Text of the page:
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FOR me, the best thing about travel is the dining experiences that come with it. So before my recent jaunt to
Surprisingly, Google revealed not much. Regardless of how many “dining+
While at Vis, our boat was docked in the main port so to eat at Pojoda we had to catch a taxi to the town of
Pojoda is owned by chef Zoran Brajcic, who also runs cooking classes for men who work on the many local chartered yachts and want to cook their guests traditional Croatian dishes.
When he’s not teaching others how to master his dishes, Brajcic is found in the tiny kitchen of his restaurant, where his selection of traditional Croatian dishes feature fish and plenty of chickpeas, lentils and vegetables.
On the night I visited, our party of six was keen to sample some of the fresh fish Pojoda is known for (which the waiter had presented to us at the table so we could choose the particular snapper we liked the look of) but the fish was a bit pricey so instead we decided to order a selection of Brajcic’s traditional dishes to share.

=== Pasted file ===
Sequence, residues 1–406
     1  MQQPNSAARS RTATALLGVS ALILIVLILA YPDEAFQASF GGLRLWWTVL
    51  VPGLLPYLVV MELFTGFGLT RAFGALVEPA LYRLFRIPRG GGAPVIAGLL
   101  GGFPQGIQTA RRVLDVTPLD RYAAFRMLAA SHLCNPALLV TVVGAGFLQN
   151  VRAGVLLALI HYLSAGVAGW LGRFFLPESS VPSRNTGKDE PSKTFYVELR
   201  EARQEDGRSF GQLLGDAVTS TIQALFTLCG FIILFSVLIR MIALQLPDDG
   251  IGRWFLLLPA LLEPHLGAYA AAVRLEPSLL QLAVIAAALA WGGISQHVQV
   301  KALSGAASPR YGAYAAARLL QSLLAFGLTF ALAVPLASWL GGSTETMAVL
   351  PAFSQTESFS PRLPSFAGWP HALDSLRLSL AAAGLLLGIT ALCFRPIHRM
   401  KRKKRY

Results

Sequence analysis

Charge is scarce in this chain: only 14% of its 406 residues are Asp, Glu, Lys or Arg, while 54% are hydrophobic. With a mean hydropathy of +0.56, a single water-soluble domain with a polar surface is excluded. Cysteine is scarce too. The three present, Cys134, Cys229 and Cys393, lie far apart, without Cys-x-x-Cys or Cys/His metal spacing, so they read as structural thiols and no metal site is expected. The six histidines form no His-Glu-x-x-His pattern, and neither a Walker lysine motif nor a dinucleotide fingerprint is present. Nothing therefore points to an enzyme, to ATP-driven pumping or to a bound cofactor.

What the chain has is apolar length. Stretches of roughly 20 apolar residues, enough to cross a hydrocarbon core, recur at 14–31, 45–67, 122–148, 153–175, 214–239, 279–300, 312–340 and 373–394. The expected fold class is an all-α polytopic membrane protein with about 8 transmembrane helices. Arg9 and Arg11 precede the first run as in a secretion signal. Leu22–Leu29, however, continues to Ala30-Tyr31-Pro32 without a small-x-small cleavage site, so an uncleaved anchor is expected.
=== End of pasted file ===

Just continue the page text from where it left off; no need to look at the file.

With some guidance from our waiter we opted for a seafood cocktail with prawns and scampi and topped with olives, tuna in caper sauce, yellowtail with capers, a fish broth and a barley broth with lentils and herbs.
Most were about 60-70 kuna (about AUD$15-20) and all were sumptuous. A seemingly never-ending supply of bread meant we were able to soak up the tasty juices and by the end we were all too full to fit in dessert.
While Restaurant Pojoda doesn’t seem to have much competition from other Croatian restaurants offering a high-end dining experience, I think it would hold its own even if it did.